Friday, November 21, 2008

Marks will be awarded for showing your working

I've been catching up with Are You An Egghead? In many ways, it's something of which I approve, a consciously difficult quiz show (there's no quantitative way to measure these things, but I reckon the level of the questions is rather tougher than those on Mastermind or University Challenge), presented as mainstream tea-time entertainment. Moreover, it's real Revenge of the Nerds stuff: those of us who never got the girl, and always wore the wrong trainers, can only gloat at the elevation of geeky brainboxes to the role of tea-time sex symbols. One of the most glorious moments so far was when one bubbly contestant from Coventry selected the diffident polymath Kevin Ashman (second from the right in the picture) to join her team, because she fancied him. For those of us who always got picked last for football, it was something special.

One quibble, however; the contestants are encouraged to explain how they negotiate the multiple-choice brainteasers. I suppose this is laudable, making the retainment and regurgitation of arcane knowledge more accessible to the casual viewer; rather than just sucking it all in as gloriously incoherent combat, a sort of cerebral version of the sumo coverage Channel 4 used to offer in the good old days, the punter may actually learn something.

But for those of us whose sole talent is knowing a tiny bit more than most people about Jacobean tragedy or soul music or the birthplaces of England cricket captains (Ted Dexter? Milan!) will understand it isn't as straightforward as that. Very often, as Alistair remarked in a response to my previous post, with reference to sell-out 80s Goth combo the March Violets, "I Just Know That". I've got no idea whether I picked it up from a book, or a geography lesson when I was 13, or an explanatory sign in the V&A, or even from watching a TV quiz show. I Just Know. And watching people who also Just Know desperately trying to concoct a plausible post-hoc justification for why they've decided that the answer's Borneo, rather than Viscount Palmerston or the square root of π, is a little bit tiresome; for a start, it requires self-examination, and that's one thing we botched and bungled geeks really don't like doing in public. (There's a similar tendency in Mastermind, when Humphrys has his little chats before the general knowledge rounds; fair enough if you want to talk about the specialised subject, but the "so, you're a policeman, do you get annoyed with all the form-filling?" delving can make for pretty uncomfortable viewing.)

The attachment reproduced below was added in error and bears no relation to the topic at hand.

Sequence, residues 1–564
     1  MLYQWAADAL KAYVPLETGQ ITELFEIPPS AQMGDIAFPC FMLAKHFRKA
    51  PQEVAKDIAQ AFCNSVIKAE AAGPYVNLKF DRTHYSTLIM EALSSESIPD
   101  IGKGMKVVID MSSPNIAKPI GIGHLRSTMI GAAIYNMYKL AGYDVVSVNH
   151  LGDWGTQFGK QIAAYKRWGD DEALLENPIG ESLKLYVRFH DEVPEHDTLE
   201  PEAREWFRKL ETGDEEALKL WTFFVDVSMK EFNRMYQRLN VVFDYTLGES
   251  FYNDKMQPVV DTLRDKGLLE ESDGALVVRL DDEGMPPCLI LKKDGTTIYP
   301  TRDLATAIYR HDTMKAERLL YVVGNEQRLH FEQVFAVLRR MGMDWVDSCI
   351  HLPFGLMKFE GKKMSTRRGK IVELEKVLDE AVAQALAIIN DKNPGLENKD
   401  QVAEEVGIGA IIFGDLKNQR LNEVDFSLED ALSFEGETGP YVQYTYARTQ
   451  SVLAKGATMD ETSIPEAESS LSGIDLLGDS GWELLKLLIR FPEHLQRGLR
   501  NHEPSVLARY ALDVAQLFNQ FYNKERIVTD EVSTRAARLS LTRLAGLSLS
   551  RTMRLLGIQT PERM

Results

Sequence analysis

So, respect to Olav Bjortomt, one of the few contestants with the cojones to say "I know this one", and leave it at that. I'm all for opening up the world of pointless trivia to as wide an audience as possible; but let's retain a little mystery, OK?


garfer said...

Pub quizzes are the only thing preventing the wholesale closure of British hostelries.

I'm OK on quiz machines, which usually pays for a pint and a packet of pork scratchings.

Cary Grant was From Bristol. Not a lot of people know that.

Rog said...

They're an incongruous bunch, aren't they? Like Time Team has been infiltrated by the WI and Baywatch.

Denis Compton - Henley.

Christopher said...

A cricketing colleague (born in Mulben, like Julio Iglesias) and I were once banned from an Elgin bar not for conduct liable to lead Scottish education into disrepute but for repeatedly emptying the quiz machines and treating the entire saloon bar company.

We weren't allowed back in until they'd taken the machine away. Apparently it was moved to Dingwall, where the likelihood of such a thing happening again was deemed to be remote.

Billy said...

At the end of an episode of Eggheads when the eggheads themselves win, Dermot always says "Eggheads have won again. Can anyone beat them?" and I keep wondering if that's supposed to be a pun or not.

West said...

The gandparents of British long distance runner Paula Radcliffe lived next door to John Lennon.


p.s. grog versacification: stuary

"I live on a houseboat in an estuary...which is handy for my work with the Thames Water Authority..." etc. etc.

Geoff said...

When Billy mentioned "Dermot" I immediately thought "Dermot O'Leary".

I am patently more of a Humpty Dumpty than an egghead.

Tim F said...

He was also an acrobat, Garfer. But the jury's out on whether he had a thing with Randolph Scott.

That's the spirit, Murph. But I don't think he was ever captain.

They'll be mortally offended in Dingwall, Christopher. Well, the ones who can read.

Egg-sactly, Billy.

What I love about Dermot, Geoff, is how pleased he gets when he actually knows an answer; there was one about Jens Lehmann the other day. With O'Leary, you wouldn't even get that occasional ray of sunshine.

West said...

Both Dermots are gooners, I believe.

Which reminds me, is three players the most Pompey have ever had in an England side?


p.s. vern rustification: sherc

That's the one with the Leonard Cohen song in it, isn't it?

Fat Roland said...

You should enter my pub quiz some time. You know. When you're strolling past, um, Manchester, on your way to... er... well, okay, it may be a little off the beaten track for you.

Tim F said...

Possibly Bob. But do the Arse have three players who are even eligible for England?

I'd be delighted, Roland. I'll brush up on my Fall lyrics and the symptoms of rickets.

That Quiz Guy said...
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